As summer quickly turns into fall, we begin the yearly festival cycle anew. I like to think of the year as a “wheel” with summer at the bottom and winter at the top. The festivals we celebrate in the fall begin the annual cycle and turn the wheel as we journey through life. Repetition of these celebrations keeps the story of our heritage ever alive in our minds, and causes us to return to the scriptures and traditions that teach us trust. Celebrations like these also create wonderful opportunities to teach our family’s story to our children, giving them the gift of a rich sense of identity and shared meaning. This year we’ll be sharing books, recipes and activities to help you celebrate the holidays with your little ones.
Beginning in September, we celebrate three feasts from the Hebrew scriptures, the Old Testament. Jews also observe these feasts, because their sacred texts include some of our Old Testament books. Jewish tradition is accented with rabbinic commentary and interpretation of the scriptures, and their holidays are observed in accordance with those traditions. We observe these holy days in a different manner; to us they represent Jesus the Messiah. We are not authorities on Jewish tradition, though there may be some overlap in the style of our observances. While we hold Jews in the highest respect, we don’t wish to imitate their holy days. The holy days we share in common are only those we each find in our shared scriptures. For that reason, I’ll refer to the shared holidays as “Hebrew feasts” since they come from the original Hebrew Scriptures. Others, like Hanukkah, we don’t observe because they are post-biblical Jewish holidays with no Christian precedent.
Many of the Hebrew feasts bear significance to believers in Jesus the messiah because they point to his coming or other aspects of prophecy. Hebrew feasts are grouped in the spring (including Pesach and Shavuot, what we know as Pentecost) and fall, with a period of time in between (which, interestingly, the Christian church observes as “ordinary time” or Kingdomtide). As summer comes to a close, we prepare to observe the fall feasts:
• The Day of Trumpets (Evening September 6 – Evening September 7)
• The Day of Atonement (Evening September 15 – Evening September 16)
• The Feast of Shelters (Evening September 20 – Evening September 27)
The dates of these festivals vary based on the moon; these are the dates for 2021.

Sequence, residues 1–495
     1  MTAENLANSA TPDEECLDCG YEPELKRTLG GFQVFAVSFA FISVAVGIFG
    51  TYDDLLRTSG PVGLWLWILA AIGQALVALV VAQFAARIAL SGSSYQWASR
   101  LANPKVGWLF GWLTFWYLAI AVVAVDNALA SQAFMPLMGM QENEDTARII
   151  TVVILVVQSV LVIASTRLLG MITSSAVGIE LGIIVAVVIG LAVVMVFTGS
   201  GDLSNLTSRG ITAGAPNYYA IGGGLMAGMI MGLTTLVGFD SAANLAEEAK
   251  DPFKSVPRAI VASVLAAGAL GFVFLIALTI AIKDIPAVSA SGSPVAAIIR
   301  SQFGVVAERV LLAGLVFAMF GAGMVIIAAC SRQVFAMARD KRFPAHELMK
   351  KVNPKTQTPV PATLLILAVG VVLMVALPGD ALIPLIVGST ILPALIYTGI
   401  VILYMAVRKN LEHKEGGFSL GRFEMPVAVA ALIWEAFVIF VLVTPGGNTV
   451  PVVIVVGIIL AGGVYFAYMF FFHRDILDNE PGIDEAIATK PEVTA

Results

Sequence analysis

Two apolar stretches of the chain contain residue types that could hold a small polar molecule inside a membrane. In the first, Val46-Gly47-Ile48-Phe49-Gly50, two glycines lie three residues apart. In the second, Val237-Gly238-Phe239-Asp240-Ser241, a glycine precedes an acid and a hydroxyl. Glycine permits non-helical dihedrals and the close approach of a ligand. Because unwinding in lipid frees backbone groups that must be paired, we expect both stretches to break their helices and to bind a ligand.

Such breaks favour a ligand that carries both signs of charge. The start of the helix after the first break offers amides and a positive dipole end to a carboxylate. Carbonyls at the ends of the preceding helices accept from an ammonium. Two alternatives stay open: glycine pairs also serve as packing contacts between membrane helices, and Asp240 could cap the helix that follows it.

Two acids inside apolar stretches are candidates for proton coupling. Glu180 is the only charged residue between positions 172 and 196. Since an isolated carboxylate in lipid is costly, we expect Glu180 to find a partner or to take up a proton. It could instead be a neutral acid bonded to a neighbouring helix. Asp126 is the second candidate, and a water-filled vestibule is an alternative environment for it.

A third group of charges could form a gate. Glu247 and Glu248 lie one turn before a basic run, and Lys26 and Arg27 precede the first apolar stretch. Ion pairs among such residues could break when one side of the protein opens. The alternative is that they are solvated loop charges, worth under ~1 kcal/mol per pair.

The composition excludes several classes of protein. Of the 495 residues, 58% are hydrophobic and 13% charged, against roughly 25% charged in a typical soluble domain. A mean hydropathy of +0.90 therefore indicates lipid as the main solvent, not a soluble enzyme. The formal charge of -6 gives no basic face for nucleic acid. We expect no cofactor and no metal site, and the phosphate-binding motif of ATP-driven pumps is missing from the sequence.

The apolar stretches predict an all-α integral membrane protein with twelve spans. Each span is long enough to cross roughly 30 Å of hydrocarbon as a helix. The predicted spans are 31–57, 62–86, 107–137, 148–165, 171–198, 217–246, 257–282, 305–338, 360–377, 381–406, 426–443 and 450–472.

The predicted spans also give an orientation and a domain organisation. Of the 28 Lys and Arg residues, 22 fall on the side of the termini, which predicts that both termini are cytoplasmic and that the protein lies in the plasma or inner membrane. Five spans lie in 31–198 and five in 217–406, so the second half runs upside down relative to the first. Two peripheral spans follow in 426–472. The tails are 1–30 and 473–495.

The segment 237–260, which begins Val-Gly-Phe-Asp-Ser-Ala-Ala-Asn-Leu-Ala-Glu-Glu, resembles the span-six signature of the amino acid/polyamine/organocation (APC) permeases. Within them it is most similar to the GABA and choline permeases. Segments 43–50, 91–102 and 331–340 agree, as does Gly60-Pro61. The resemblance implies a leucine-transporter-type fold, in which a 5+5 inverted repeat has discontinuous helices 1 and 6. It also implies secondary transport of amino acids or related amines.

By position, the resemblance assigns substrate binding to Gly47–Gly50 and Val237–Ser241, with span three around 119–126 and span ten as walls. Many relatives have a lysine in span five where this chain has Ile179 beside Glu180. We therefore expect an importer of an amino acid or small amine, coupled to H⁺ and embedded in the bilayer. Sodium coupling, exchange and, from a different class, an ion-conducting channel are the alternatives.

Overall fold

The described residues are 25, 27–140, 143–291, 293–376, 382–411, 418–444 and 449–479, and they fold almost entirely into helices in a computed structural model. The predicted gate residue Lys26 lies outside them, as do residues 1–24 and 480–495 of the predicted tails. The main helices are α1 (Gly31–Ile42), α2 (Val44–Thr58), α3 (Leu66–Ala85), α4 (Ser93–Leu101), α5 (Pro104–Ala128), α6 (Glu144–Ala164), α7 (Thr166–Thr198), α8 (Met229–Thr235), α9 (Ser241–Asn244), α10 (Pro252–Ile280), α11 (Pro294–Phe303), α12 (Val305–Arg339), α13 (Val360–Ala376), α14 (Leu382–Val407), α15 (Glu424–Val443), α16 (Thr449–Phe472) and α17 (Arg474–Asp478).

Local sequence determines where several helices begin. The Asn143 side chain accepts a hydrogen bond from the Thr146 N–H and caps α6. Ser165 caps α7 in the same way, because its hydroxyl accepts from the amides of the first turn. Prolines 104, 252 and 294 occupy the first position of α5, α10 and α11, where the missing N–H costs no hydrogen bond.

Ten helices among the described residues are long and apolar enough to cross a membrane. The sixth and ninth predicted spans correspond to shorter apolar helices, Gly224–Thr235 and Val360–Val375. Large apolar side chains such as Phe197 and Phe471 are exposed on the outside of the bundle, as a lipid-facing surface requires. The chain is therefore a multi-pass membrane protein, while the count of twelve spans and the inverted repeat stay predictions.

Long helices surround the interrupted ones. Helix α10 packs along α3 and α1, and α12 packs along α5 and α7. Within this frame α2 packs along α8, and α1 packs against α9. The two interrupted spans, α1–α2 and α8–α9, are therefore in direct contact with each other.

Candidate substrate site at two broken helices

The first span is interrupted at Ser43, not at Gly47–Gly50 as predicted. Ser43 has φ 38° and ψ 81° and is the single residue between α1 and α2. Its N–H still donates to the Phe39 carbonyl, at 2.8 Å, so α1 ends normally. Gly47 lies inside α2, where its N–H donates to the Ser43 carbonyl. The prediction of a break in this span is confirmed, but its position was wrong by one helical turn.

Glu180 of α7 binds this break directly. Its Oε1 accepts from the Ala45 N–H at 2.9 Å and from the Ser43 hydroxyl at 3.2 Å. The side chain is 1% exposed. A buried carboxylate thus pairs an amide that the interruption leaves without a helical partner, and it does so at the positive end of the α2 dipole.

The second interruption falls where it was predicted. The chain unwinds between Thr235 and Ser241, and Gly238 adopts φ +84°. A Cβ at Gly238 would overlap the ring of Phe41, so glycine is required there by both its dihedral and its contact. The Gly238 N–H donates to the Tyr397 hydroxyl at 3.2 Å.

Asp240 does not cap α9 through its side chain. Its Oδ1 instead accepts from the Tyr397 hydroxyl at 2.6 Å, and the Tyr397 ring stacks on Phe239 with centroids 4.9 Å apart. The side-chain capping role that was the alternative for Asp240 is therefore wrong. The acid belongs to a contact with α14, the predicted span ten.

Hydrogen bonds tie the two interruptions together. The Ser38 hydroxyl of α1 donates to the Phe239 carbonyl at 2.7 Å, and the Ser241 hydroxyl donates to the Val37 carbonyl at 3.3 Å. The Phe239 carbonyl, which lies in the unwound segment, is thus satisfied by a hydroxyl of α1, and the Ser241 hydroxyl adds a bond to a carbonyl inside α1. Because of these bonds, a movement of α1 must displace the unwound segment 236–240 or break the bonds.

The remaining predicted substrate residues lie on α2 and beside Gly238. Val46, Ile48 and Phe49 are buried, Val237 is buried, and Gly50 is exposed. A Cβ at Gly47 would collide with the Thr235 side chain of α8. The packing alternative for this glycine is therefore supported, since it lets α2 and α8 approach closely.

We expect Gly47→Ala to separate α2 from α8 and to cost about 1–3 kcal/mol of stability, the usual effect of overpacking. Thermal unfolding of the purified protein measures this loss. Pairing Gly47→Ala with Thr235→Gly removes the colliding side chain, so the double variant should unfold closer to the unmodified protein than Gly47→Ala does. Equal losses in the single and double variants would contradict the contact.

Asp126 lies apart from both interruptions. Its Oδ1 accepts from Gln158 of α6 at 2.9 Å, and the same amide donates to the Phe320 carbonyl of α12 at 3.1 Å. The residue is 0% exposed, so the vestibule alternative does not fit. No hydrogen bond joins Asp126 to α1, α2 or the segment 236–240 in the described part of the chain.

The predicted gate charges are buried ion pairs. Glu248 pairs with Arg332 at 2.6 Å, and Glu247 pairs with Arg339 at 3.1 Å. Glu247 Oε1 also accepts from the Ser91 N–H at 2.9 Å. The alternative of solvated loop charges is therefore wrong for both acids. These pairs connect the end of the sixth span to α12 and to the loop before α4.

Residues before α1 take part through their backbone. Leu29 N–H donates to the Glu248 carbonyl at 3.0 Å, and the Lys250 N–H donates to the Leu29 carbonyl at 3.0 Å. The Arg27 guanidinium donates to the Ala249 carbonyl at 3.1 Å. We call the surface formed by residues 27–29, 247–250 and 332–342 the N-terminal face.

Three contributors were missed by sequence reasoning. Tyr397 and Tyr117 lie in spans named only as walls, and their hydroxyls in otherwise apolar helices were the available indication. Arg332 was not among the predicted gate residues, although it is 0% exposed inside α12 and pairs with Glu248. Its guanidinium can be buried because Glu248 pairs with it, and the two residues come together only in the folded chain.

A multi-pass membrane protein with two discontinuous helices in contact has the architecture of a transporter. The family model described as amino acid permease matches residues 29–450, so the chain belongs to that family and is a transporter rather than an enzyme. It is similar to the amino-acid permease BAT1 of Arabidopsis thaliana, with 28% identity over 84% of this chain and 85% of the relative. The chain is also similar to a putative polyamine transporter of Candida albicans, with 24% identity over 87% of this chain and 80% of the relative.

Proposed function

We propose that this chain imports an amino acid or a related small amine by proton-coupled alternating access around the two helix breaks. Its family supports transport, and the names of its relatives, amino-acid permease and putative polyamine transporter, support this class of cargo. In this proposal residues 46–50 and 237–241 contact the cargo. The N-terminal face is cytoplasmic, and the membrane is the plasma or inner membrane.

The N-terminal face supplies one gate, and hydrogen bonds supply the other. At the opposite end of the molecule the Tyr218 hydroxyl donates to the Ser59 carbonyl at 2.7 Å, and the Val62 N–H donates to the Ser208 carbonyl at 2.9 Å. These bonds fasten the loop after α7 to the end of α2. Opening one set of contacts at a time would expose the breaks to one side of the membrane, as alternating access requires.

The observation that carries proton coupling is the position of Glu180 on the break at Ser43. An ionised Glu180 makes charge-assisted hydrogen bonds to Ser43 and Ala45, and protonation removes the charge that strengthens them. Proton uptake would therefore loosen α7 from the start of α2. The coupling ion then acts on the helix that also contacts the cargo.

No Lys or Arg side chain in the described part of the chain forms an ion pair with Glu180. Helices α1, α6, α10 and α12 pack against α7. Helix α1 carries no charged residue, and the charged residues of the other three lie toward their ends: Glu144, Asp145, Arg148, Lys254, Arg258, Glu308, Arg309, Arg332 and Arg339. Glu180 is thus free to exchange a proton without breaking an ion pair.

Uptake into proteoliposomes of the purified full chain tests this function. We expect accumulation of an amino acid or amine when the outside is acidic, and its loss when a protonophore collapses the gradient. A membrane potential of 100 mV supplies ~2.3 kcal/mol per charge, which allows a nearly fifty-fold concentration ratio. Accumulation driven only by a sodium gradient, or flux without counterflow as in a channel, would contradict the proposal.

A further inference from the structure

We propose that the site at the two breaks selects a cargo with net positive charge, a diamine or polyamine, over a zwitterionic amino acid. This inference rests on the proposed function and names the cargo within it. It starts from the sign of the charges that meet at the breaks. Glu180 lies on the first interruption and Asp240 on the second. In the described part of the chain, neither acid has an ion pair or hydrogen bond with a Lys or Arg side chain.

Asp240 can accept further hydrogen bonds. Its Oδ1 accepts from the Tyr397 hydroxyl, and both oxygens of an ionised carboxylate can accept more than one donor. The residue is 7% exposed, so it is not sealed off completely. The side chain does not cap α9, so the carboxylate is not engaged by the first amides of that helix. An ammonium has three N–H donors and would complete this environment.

In my studies I was fascinated to learn that some teach that the groupings of feasts represent the first and second comings of Jesus. As we have seen, Passover clearly shows symbolism of Messiah, and next year we are planning to go more in depth on Pentecost, when the Holy Spirit came, which is celebrated at the time of the Hebrew festival of Shavuot. This means that we can expect to see second-coming symbolism in the feasts we’ll celebrate this fall.
First on the calendar will be the Day of Shouting, also known as the Feast of Trumpets, in Hebrew known as Yom Teruah. Post-biblically, the festival began to be celebrated as the Jewish New Year or Rosh Hashanah. Many traditions have sprung up around Rosh Hashanah. For us, the Day of Shouting symbolizes the announcement of Jesus’s second coming. It’s a time to declare his Kingship over the whole earth, and to proclaim him to the world. It’s a time of fearless proclaiming of his lordship.
Next, we celebrate The Day of Atonement, Yom Kippur. This day symbolizes the judgement that will occur when Christ returns, and it is a solemn observance. In much the same way as we observe Lent in the spring, we take an opportunity at Yom Kippur to reflect on our need for Christ and the price paid for our sin.
Finally, we celebrate once again with the week-long Feast of Shelters (Sukkot). This represents the wedding feast with Jesus, the celebration of his return to finally claim his bride, the church. We celebrate in temporary shelters, remembering the temporal nature of this world, and imagining the someday-soon when we will celebrate in New Jerusalem’s palatial banquet halls.
As we journey through this part of the calendar, I hope you’ll find meaning and joy in these special days. Each year I discover a treasure of new meaning in the ancient holidays, meaning that brings me and my family closer to God and teach us about his love.